He was particularly frustrated by the distinction the EEC made between economic and cultural activity. Influenced by the rich entrepreneurial history of the towns around Bologna, and deeply inspired by the cultural ferment that dominated university towns in the early 1970s, Landry was coming to view economic prosperity and creative achievement as strongly linked. Although excited by what he thought a more integrated Europe could do in fostering open markets, Landry also believed that markets were social and cultural vehicles that offered people a means of creative expression, which he saw as the true engine of prosperity. He longed for work that would enable him to connect the dots between economic development and creativity, a pursuit the EEC then had no structure to support.
Deciding to follow his own path, he horrified friends and family by not accepting a new contract with the EEC when it was offered. As one of his classmates at Johns Hopkins, American journalist Elizabeth Bailey, observes, “It was the early ’70s, when there wasn’t much potential in being a free agent. But even then Charles was a wildcatter, an intellectual entrepreneur. I also think his passion to explore the role of creativity in cities and regions evolved because creative freedom was so important in his own life.”
Landry’s tenure in the EEC convinced him, he later recalled, that “the single biggest problem in the world is not finding great ideas but getting great ideas to move, to flow. New ideas need decentralized channels so that people who might implement them can find them and create the kind of systems needed to put them into practice. In the early ’70s, there were lots of brilliant ideas, but they had no way to capture the world’s attention or move from the margins into the mainstream. So everything felt kind of stuck.”
Trying to address this problem, Landry helped to found a distribution service for the many innovative small journals, studies, and manifestos that were being published in the U.K. and Europe at the time. He particularly sought out work that blurred boundaries between culture, economy, and governance. His goal was to disseminate the commodity he loved and understood best — new ideas — with maximum exposure and minimal filtering. His interest in distribution was fueled by the same kind of “open source” enthusiasm then spurring proponents of computers as community billboards in Berkeley and Boston. Landry stuck with his venture through the ’70s, and although it would ultimately prove a detour for him, it served his evolution by giving him hands-on experience in creating a market for new ideas. It also put him in touch with cultural innovators across Europe, in whose work he saw untapped economic potential. At the end of the decade, he decided he wanted to exercise the practical talents he had developed by helping cities and regions apply the kind of creative ideas he had been involved in distributing.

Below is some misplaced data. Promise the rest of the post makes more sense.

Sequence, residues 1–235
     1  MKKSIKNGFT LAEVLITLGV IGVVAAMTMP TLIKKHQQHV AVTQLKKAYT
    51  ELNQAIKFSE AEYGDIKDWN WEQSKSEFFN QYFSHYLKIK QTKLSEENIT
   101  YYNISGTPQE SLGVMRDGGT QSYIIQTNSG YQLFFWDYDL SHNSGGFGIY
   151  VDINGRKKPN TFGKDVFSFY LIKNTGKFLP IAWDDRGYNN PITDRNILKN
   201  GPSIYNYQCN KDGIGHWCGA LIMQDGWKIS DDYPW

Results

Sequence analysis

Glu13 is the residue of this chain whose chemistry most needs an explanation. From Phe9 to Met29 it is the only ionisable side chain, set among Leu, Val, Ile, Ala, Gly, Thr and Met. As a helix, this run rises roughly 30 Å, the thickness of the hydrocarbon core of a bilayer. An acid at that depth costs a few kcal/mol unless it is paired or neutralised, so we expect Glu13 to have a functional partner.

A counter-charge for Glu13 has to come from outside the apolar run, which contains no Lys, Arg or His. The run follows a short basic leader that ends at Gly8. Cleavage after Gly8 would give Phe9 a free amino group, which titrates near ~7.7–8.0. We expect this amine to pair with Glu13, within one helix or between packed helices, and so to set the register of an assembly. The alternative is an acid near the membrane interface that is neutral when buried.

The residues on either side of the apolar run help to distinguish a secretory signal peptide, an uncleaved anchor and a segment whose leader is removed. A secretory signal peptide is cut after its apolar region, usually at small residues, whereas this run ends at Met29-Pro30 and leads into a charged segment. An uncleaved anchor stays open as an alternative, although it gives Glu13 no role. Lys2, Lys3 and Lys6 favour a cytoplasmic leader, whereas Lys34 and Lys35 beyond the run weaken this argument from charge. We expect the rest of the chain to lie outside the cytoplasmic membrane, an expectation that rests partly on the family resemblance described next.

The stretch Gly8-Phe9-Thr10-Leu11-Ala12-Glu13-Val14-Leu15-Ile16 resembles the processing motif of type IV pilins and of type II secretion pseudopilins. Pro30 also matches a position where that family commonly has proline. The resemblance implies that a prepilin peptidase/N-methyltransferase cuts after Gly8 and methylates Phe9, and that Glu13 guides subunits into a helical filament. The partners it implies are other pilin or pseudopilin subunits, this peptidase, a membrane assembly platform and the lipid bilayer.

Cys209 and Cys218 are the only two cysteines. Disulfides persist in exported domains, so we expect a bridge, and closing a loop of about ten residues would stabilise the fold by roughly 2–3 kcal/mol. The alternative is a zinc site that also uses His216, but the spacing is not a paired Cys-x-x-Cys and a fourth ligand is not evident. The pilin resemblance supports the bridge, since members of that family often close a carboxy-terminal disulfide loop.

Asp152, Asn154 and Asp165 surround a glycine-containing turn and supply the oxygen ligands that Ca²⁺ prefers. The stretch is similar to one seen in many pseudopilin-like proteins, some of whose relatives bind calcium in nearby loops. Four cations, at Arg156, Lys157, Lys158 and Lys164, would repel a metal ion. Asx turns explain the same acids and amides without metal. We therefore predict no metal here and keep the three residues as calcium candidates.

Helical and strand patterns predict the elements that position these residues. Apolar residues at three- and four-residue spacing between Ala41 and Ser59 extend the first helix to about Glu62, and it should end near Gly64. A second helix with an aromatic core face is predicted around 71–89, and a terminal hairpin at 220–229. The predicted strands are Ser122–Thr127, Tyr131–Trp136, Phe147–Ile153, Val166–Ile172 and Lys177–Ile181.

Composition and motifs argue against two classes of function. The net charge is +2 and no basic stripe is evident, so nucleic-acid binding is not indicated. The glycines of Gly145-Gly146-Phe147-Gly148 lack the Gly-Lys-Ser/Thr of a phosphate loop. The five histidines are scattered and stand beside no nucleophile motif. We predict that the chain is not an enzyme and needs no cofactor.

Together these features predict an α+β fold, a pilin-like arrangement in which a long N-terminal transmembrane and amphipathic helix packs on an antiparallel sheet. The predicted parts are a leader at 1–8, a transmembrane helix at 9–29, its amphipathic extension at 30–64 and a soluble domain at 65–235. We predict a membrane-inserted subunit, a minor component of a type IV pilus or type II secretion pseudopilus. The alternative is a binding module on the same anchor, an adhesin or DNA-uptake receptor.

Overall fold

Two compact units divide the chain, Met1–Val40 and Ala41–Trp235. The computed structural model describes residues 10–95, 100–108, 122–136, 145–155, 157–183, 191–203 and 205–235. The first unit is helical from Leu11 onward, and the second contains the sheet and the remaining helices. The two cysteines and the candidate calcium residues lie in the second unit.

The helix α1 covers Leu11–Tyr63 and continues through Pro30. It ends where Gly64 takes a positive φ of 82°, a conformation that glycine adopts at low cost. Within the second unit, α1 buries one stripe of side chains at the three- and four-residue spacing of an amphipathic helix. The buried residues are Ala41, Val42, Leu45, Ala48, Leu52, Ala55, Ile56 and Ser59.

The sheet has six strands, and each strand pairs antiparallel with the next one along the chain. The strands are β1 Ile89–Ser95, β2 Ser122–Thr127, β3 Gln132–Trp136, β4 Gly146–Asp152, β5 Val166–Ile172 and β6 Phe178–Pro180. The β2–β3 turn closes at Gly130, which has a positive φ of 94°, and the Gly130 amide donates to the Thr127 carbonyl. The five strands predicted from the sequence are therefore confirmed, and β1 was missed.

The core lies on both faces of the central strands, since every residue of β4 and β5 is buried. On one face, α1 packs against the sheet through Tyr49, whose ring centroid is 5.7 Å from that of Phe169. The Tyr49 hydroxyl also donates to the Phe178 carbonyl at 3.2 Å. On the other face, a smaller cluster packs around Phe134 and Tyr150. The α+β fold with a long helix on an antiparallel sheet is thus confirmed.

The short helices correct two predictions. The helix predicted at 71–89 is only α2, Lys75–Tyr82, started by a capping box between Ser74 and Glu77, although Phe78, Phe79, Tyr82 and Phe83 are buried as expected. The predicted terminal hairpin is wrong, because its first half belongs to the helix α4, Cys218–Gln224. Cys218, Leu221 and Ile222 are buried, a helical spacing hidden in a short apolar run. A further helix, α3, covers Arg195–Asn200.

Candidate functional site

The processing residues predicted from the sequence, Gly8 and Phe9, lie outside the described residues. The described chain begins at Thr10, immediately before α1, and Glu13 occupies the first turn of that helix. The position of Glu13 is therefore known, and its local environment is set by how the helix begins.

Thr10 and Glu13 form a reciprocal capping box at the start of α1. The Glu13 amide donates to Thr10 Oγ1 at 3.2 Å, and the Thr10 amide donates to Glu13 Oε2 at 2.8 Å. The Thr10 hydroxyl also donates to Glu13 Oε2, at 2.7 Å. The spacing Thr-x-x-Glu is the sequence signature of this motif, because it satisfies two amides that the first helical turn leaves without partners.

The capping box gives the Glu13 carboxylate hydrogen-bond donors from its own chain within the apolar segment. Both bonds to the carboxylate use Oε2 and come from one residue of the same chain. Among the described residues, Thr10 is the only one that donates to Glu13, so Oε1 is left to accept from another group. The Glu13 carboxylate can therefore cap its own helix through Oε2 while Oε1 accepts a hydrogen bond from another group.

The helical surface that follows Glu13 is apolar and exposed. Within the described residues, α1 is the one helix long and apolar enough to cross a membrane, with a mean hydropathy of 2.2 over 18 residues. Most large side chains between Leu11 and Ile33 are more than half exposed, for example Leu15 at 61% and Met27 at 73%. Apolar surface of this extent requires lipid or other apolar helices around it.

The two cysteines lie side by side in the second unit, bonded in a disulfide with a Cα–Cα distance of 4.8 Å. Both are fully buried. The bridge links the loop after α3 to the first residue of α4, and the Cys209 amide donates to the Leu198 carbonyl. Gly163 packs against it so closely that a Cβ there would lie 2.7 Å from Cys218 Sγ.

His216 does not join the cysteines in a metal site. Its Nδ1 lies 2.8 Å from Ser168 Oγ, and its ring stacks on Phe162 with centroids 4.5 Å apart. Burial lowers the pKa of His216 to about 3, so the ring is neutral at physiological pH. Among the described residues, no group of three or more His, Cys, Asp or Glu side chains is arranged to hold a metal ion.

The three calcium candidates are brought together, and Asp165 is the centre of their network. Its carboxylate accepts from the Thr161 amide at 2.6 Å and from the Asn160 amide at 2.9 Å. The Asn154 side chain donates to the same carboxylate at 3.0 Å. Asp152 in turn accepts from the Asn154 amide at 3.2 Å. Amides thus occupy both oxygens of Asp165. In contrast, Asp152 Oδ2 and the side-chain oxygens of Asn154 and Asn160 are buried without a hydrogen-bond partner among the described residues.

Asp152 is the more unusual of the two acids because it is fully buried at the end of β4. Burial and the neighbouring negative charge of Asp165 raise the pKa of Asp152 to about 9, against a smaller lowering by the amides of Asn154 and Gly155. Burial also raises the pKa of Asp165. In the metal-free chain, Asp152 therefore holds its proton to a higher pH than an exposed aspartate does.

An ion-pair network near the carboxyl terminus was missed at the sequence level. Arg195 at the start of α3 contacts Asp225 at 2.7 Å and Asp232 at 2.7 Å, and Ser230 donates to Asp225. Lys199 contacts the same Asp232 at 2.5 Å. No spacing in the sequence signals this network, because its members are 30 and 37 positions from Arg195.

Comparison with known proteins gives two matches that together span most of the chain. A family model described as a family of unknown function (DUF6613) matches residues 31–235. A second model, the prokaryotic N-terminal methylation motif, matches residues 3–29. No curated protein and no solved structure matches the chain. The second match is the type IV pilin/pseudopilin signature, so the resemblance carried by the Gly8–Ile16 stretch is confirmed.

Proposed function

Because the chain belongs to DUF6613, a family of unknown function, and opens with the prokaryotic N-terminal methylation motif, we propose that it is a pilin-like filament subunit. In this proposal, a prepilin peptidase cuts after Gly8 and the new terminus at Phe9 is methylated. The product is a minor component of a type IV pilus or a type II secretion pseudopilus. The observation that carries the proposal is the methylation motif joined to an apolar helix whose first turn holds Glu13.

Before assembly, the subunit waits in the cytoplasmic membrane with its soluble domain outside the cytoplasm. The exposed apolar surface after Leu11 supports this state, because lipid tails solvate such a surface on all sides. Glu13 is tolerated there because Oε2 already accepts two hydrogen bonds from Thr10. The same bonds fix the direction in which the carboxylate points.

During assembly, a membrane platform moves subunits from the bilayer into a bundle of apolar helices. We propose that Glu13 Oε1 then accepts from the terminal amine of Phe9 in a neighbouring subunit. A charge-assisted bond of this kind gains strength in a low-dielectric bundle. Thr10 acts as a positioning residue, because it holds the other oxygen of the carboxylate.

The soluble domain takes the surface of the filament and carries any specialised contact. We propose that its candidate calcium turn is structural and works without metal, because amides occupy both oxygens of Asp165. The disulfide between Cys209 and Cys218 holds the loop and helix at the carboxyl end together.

A Platform and a Haven
In 1978, Landry applied for a grant from a British foundation focused on strengthening regional and community development. With money in hand, he founded Comedia, a cultural planning consultancy that would provide him with a platform for writing, consulting, and setting up collaborative ventures over the next 30 years. At the same time, he moved to the Cotswolds area of west-central England. Magnificently set with mellow stone churches, tightly hedged fields, fantastical topiary, and roaming sheep, the Cotswolds region had historically been a center of industry and commerce, but it fell by the wayside during the Industrial Revolution. More recently, the region has undergone a resurgence, offering global citizens who can work where they please a pastoral experience of deeply rooted community life, along with close proximity to London and Bristol and easy access to Heathrow. By every criterion, it qualifies as a great place to live.